Most of us don’t think about the intricate network of wireless systems that influence our world unless and until our cell phones leave service range. But at the Drexel Wireless Systems Lab (DWSL), a combination of interdisciplinary research and hardware prototyping is finding new ways that wireless can be used in a number of applications. Kapil R. Dandekar, PhD, E. Warren Colehower Chair Professor in Electrical and Computer Engineering and Director of DWSL, shared some updates on what the lab has been up to lately.
Medical Internet of Things
Together with collaborators in the Drexel Center for Functional Fabrics, Ursinus College, and the Children’s Regional Hospital at Cooper, the DWSL is working to develop new wearables for biomedical applications. The primary device being tested is a wearable sensor that can monitor a baby’s respiration and control an external ventilator to assist with their breathing. The same technology is also being applied to make wearables with other types of sensors that can be used for diverse applications including COVID-19 patient monitoring and contact tracing.
“When these wearable monitors are successful, they will enable patients to move about their homes or medical facilities instead of being confined to beds,” Dandekar explains. “To be sure that we can continue to read the output of the monitors as patients move about, we are also developing a smart reconfigurable radio frequency identification (RFID) reader that would be capable of dynamically changing its coverage area based on the location of the user. This research is currently supported by the National Institutes of Health and the National Science Foundation.”
Large Scale Wireless Emulation through Drexel Grid SDR Testbed
Working with Prof. Geoffrey Mainland in the College of Computing and Informatics and supported by the National Science Foundation, DWSL is developing the Grid Software Defined Radio (SDR) testbed for use in research and education.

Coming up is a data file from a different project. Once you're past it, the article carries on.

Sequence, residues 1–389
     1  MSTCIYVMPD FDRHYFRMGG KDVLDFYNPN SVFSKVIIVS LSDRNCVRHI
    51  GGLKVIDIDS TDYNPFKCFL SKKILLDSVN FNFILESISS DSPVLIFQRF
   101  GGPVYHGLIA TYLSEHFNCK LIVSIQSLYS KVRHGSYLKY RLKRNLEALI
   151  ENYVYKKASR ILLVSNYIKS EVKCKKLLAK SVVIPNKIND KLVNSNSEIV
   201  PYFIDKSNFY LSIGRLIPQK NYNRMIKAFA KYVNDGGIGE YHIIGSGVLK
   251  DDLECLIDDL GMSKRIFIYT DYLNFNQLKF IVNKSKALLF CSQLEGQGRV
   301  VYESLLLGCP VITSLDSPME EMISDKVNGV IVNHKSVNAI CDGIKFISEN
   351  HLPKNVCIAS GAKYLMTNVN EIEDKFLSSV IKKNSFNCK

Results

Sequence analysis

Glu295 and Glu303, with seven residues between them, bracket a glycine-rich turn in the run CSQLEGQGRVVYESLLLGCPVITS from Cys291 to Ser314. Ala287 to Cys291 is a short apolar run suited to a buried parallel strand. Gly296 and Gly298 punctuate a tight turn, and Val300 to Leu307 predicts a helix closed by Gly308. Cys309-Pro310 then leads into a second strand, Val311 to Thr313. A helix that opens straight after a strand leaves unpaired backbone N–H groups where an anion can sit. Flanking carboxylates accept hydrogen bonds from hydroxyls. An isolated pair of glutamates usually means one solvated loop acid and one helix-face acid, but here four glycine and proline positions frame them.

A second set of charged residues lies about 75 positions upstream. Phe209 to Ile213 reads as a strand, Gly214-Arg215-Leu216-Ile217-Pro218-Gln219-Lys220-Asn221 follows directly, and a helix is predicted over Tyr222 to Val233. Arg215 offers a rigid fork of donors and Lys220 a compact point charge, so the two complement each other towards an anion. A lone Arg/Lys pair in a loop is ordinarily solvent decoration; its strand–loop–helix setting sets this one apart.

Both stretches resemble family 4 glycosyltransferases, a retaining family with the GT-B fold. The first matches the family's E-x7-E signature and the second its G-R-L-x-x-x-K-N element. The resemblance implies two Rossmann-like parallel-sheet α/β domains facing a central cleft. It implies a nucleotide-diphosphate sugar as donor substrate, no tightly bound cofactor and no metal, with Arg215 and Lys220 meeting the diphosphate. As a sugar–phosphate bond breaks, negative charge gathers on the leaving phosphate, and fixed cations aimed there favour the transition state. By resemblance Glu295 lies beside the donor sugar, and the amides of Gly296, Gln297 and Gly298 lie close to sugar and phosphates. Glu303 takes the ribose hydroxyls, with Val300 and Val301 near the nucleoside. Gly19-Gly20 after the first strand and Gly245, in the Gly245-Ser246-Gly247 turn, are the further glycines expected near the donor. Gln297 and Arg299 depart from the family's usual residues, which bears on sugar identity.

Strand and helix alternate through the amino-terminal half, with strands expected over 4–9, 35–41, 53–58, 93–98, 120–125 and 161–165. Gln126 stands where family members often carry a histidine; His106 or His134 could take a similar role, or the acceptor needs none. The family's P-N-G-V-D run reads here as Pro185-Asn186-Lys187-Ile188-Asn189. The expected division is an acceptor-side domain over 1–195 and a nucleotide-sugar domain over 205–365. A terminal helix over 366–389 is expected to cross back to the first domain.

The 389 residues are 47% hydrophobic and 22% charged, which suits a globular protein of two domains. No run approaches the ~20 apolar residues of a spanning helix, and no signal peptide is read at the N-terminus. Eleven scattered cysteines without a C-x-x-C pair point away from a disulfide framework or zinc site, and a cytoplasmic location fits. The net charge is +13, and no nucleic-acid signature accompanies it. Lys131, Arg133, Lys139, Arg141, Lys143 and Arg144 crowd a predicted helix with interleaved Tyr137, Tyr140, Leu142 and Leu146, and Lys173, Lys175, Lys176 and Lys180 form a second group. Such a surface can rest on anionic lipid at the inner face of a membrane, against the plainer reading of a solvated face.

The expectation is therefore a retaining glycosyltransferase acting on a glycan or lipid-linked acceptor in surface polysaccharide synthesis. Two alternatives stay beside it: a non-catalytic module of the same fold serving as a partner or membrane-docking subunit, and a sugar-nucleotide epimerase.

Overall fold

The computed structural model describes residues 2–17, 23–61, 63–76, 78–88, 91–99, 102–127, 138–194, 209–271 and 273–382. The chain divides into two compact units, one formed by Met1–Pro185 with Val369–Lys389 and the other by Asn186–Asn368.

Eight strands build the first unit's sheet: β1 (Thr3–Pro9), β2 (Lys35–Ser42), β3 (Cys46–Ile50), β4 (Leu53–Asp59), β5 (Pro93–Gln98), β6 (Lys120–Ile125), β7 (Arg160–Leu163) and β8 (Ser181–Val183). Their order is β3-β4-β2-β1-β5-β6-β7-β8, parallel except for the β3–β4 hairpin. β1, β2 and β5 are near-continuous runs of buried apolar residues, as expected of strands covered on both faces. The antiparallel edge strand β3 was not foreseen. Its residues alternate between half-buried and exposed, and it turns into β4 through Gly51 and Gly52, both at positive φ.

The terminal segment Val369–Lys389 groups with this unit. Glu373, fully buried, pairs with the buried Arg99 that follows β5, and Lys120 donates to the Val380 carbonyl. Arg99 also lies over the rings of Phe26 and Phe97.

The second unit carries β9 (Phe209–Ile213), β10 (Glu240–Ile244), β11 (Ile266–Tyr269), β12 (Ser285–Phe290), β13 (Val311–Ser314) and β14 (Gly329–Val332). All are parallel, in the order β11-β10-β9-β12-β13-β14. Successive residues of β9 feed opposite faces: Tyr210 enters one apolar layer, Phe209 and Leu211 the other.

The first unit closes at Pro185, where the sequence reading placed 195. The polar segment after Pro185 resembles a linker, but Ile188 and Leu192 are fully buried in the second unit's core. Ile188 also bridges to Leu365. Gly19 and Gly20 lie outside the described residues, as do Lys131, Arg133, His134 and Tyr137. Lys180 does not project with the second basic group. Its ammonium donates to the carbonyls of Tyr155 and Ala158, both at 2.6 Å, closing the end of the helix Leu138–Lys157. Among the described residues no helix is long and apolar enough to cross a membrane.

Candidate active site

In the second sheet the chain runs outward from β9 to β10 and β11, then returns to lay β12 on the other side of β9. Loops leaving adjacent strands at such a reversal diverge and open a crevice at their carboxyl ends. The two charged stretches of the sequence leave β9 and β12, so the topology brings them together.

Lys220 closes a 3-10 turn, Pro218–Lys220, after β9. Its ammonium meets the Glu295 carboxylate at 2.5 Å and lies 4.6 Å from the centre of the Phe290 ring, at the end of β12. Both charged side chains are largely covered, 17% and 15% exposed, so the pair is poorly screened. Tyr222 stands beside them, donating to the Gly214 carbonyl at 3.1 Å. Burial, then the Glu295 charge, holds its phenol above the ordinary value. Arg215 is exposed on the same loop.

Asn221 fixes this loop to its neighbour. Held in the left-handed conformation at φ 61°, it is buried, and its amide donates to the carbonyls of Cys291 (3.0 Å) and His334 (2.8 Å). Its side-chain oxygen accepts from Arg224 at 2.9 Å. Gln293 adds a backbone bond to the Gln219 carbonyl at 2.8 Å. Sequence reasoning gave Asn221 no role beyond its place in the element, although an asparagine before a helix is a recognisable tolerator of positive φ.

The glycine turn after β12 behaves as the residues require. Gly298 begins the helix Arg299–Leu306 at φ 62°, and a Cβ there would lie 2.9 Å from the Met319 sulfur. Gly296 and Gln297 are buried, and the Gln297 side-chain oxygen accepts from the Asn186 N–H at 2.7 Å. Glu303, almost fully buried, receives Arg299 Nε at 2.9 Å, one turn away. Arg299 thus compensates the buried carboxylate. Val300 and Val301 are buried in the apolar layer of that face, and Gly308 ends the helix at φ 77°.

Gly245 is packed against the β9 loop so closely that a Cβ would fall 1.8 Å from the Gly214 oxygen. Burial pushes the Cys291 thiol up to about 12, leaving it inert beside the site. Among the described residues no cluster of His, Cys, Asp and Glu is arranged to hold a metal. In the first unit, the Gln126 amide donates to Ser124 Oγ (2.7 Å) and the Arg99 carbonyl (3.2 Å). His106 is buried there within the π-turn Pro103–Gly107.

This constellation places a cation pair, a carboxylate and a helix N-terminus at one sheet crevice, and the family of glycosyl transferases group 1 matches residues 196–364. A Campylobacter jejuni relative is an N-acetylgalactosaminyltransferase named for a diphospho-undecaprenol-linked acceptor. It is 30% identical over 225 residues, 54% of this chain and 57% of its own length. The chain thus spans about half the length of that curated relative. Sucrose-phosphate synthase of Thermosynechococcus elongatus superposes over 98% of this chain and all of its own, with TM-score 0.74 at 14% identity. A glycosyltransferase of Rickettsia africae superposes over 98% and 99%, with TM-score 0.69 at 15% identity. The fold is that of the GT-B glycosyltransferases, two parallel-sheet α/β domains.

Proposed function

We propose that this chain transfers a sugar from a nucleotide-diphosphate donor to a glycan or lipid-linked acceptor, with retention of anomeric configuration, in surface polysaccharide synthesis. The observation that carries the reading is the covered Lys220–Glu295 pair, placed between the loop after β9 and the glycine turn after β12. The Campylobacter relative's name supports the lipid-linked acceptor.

“Unlike conventional cell phones, local area networking, and sensor devices whose functionality is fixed in hardware, a SDR makes use of general-purpose hardware that can be re-programmed to act like different devices through software,” Dandekar says. “The Grid testbed is made up of a large network of SDRs on both a ceiling-based scaffolding network as well as in server racks in the DWSL. Some of these radios are equipped with new reconfigurable antenna technologies being developed in the lab. The Grid is integrated with a large-scale wireless channel emulation system that provides a way to create realistic, reproducible, and software-definable propagation channels between the radios - in essence making it appear to the radios that they aren’t inside a lab, but out in the field in different applications.”
The testbed has been used for research in diverse areas including deep reinforcement learning for cognitive radio, a concept that programs radios to find the best signal in the area to avoid interference. The Grid has also been used to create digital twins for evaluating medical Internet of Things (IoT) systems, multi-target tracking radar, unmanned aerial vehicle (UAV) communication networks, more. It is also a hub for undergraduate and graduate coursework in communications and networking to students both in the College of Engineering and the College of Computing and Informatics. The testbed is now available publicly for users off campus at dwslgrid.ece.drexel.edu.